Research In Action
Research In Action
As a member of the CHOP Violence Intervention Program team, I work with youth ages 8-18 injured by peer violence to help them physically and emotionally recover. When we initially meet youth, we utilize validated tools to learn more about a child’s experience of potentially traumatic events (PTE) and corresponding symptoms. One item on these measures asks if a child has ever experienced a natural disaster. Although we have rarely had anyone endorse this question, I fear that we are all experiencing one right now.
It is important we acknowledge that for many of our families, COVID-19 clearly meets the criteria that defines trauma: a subjective reaction to an event that creates the real or perceived threat of death and overwhelms one’s ability to cope. Our daily way of life has been interrupted, and each day we are flooded with media reports detailing the spread of the disease. The cumulative impact is profound as we face a global crisis.
Mitigating the Impact of Trauma
When we identify a PTE, the most important thing for us to determine is if the event is over or ongoing. When an event is ongoing, our first intervention is to plan for safety – by considering the cause of the threat and how we can mitigate that cause. That is exactly what we are all doing as part of our global safety plan – physical distancing, stocking up on food stores, cancelling travel plans, and washing or sanitizing our hands.
However, these universal safety plans stop short of mitigating the threat to our own emotional health. Physical distancing is contrary to what we need to overcome stressful times. We have to think more broadly and holistically. When we safety plan with our youth, we ask them: “Who can you call if you need help? Who is available as a support to you emotionally? What activities can you do that help reduce anxiety?” We plan for those and we write them down, serving as a way to exert control when our emotional response interrupts our rational thoughts and memory. During this time, we can also ask these questions of ourselves. We can embrace the real value of technology and foster support in our communities through phone and video connection.
Taking Back Control
We know that trauma interrupts the ability to exert power in our lives. Here are some things that we can do to enhance our sense of control:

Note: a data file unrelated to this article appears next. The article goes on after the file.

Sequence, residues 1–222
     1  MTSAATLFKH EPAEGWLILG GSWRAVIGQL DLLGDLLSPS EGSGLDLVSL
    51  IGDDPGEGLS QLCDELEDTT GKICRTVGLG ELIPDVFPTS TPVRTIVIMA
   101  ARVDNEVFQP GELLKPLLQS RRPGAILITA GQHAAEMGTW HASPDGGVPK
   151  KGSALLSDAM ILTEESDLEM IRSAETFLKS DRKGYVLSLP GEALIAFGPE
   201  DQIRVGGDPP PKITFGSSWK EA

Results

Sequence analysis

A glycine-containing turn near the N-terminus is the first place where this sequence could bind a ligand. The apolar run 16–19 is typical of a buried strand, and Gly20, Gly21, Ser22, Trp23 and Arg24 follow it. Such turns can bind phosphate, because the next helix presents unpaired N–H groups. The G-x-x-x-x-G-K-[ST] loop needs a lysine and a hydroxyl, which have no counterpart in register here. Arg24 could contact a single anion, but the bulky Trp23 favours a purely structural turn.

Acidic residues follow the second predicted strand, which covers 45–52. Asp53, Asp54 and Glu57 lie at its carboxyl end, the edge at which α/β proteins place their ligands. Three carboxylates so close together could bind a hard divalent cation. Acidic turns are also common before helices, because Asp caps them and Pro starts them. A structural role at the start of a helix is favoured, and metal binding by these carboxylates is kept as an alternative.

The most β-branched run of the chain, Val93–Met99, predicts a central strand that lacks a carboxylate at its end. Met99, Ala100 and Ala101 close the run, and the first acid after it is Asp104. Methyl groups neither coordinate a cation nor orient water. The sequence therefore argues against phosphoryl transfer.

- Write down a safety plan, focusing on what we can control and letting go of what we cannot
- Embrace our social support systems, calling on those we love to fill our need for connection, comfort and distraction
- Practice healthy boundaries by avoiding the overconsumption of news media and endless updates
- Use relaxation and mindfulness techniques, like deep breathing, progressive muscle relaxation or guided meditation, to quiet our bodies and stay focused on the present
- Remember these techniques can also include exercise, yoga, cooking, cleaning, or laughing with a friend
Here are some of the emotional-regulation techniques in the toolbox that we offer youth in our program. These also work for us, as adults and helpers, during times of high anxiety:
- Recognize your own emotions: Practice identifying feelings, understanding their intensity, and noticing how they can manifest in the body
- Practice turning your emotions up and down, like you would with your favorite song or a loud TV commercial
- Acknowledge how your thoughts and feelings can direct or misdirect what you say and do
- Examine your thoughts and look for errors and distortions. Have you made a mountain out of a molehill? What evidence is there to support that catastrophic thought? Are there more options than the two we have laid out in black and white?
- Consider that a thought is not a fact; observe it – and then release it, watching it float by like a leaf on a river.
We, as adults, need to practice these skills ourselves and teach our children how to connect with their bodies, feelings, and thoughts. To teach them the value of social connection in ever changing times.
I encourage us all to take a breath and carefully observe ourselves at this stressful time, noticing our thoughts, feelings and body sensations. We can only safety plan using currently available information. We can use our skills to enhance our sense of control. We can question our catastrophic thoughts and use relaxation techniques to calm them. We can reach out to others and use empathy to guide our words and actions. And of course, we can wash our hands.